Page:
The “BRA” logo is one of my favourites!
  • Avoid Logo Design Problems. Five of the 10 Questions to Ask a Graphic Designer Before You Hire Them.

    November 08, 2013

    Avoid logo design problems. Five of the 10 questions to ask a graphic designer before you hire them.

    “BRA” program logo designed for the Princess Margaret Hospital Foundation

    By Maureen McCabe

    Everyone makes mistakes, but it‘s the lessons learned that makes us smarter. By reading this blog and Part 2 you will be smarter when communicating your requirements for your logo.

    My first video was created in 2010 and as a good marketer, I wanted to brand it with my logo. The idea was to have a watermark in the lower right hand corner. Simply put this was not viable because it was ‘blurry’. For those in the know, the term is pixelated. I then had to invest in a new one.

    Visual Identity

    Let’s skip the graphic designers’ jargon of corporate or visual identity, and call it what we know it as – a logo.

    The talented team at Overdrive who designed my logo (website and a bunch of other stuff too) cringes every time I say the word logo. Although I know the lingo when communicating with 99% of my clients and prospective clients, I use the word logo. To quote my most-read blog: “Speak in the words of your prospective customers or you won’t reach them.”

    Logo education

    Before you engage a graphic designer – you need to know what to ask for.

    • Wordmark – letters designed creatively. FedEx is an example. My logo is a wordmark, although not world renown – yet!
    • Wordmark with hook – letters with something eye catching that hooks you to continue to look at the logo. Perhaps a letter is highlighted such as Accenture.
    • Logo with graphic – text and image. The “BRA” logo is an example. (I volunteered for the fundraising campaign as did one of my graphic designers, Gustavo Cadar who designed the logo.)

    Question 1: Work samples

    Please request to see their complete portfolio. If you are hiring a graphic designer to create a logo, you will likely engage them to work on other projects which may include business cards, stationery, brochures, banners for social media, print ads, online ads etc. etc. etc.

    NOTE: They may not have a website or one that is current. Some designers use social media such as Facebook or Pinterest profile. At a minimum, request that they consolidate their work into a PDF.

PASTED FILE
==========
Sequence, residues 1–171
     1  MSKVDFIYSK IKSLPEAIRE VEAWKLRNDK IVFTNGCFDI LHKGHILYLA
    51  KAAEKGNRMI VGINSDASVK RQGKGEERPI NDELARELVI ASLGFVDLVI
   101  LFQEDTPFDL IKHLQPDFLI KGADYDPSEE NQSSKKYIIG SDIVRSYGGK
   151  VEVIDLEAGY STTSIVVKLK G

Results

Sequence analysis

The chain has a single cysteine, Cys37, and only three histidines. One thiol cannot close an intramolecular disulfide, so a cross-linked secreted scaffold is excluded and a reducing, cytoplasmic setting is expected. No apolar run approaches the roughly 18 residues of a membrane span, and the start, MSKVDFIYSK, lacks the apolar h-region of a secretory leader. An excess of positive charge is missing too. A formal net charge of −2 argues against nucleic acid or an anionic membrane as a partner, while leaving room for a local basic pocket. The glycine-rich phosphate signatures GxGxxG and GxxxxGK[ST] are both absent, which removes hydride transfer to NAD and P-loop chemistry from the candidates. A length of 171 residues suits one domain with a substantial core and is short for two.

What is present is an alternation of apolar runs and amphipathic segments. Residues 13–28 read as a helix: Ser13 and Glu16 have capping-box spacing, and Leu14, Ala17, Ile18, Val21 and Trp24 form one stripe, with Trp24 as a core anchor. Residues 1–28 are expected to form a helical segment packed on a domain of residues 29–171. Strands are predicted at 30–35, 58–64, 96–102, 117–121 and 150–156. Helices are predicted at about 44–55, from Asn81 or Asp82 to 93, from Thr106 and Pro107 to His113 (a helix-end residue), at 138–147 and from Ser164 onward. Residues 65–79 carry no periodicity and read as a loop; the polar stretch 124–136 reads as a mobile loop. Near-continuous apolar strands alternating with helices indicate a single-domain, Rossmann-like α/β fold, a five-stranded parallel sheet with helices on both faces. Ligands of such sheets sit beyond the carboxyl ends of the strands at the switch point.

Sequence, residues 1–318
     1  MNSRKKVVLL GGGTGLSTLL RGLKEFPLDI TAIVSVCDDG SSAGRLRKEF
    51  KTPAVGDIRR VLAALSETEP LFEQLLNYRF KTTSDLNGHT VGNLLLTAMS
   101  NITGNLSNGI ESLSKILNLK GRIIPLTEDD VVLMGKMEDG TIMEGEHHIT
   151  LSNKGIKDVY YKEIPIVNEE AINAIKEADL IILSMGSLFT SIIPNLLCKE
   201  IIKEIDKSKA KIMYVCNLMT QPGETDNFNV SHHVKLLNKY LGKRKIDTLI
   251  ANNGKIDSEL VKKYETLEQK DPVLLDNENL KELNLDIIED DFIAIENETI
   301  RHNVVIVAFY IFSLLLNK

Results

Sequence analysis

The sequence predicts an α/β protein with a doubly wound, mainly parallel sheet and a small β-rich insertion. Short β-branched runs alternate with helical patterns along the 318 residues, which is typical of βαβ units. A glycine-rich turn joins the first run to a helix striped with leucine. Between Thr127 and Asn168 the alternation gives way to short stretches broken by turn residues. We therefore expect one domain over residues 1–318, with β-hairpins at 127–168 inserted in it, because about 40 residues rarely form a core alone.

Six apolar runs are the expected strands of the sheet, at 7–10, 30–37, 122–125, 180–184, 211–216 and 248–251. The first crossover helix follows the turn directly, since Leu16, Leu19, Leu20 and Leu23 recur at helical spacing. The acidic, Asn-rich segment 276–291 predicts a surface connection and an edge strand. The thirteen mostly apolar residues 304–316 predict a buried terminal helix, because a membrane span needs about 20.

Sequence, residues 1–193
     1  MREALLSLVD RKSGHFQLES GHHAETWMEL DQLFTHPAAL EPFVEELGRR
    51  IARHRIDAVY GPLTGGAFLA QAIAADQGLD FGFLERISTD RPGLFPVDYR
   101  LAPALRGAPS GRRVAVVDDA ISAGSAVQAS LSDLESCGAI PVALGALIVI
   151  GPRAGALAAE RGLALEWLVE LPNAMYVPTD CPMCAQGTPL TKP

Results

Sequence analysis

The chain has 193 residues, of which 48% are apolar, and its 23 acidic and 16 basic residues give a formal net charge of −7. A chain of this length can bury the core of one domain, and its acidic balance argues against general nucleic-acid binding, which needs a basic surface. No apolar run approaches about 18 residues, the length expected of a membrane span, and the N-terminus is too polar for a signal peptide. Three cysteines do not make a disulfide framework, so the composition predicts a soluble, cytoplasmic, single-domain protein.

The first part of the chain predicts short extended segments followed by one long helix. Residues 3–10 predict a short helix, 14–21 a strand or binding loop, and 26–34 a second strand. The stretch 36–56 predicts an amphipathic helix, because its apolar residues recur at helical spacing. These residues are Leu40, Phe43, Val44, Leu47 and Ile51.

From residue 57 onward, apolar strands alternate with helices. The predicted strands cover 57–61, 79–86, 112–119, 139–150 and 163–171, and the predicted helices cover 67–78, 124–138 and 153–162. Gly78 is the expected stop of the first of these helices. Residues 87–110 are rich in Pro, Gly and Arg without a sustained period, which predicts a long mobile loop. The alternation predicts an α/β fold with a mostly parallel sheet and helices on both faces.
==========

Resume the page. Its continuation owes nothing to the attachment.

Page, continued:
Question 2: References

    You may wish to ask for and check the references of the graphic designer you wish to engage. Or you are comfortable with recommendations online and you are the type of person who trusts their natural instincts.

    Question 3: Accessibility

    Is the person working on your project a full-time graphic designer or part-time freelancer? There are some great freelancers that I have worked with over the years. If they have a day-job, understand when you can speak or meet with them. If it’s only in the evening or on weekends, does that suit your schedule?

    Question 4: Industry experience

    For some small business owners they only want to work with a designer who has worked in their industry. If this is critical, you will likely have to go to a larger agency or a boutique graphic designer. Expect your search to be prolonged as you seek the right fit.

    Question 5: What is their design process?

    If they are truly designing something original for you, there is a process. However, based on your budget the following may be significantly compressed:

    Discovery (research, competitors)

    Exploration (main logo and sub-brands if required)
    Step 1 – Pencil sketching and free associations. They are looking for the ‘nugget’ and all would likely be shared with you.

    Design (detailing and final design) and Revisions (usually many)
    Step 2 – Black and white logo design on a computer. This is the longest stage. You should be presented with a minimum for 3-4 options (although sometimes it is 10 or more!)
    Step 3 – Once the option is chosen, the designer would create the logo in colour, and provide final detailing.

    Output (prepping final files for their various on/off-line use)

    Read Part 2 to learn the other five questions you should ask.

    6. Samples and revisions
    7. File formats
    8. Social media
    9. Style guidelines
    10. Cost

    If you have a question or comment, or just can’t wait until I post the next blog, please contact me.

    Check out my other blogs about branding strategies:

    What type of website is the best option for your business?
    What is “marketing branding” for your small business?
    Avoid Logo Design Problems, Part 2

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  1. Claire Rafferty03:10pm,

    Wow! Thanks for all the great tips. I’m meeting with my ‘logo’ designer next week and would have forgotten to ask some of these very important questions. Much appreciated!

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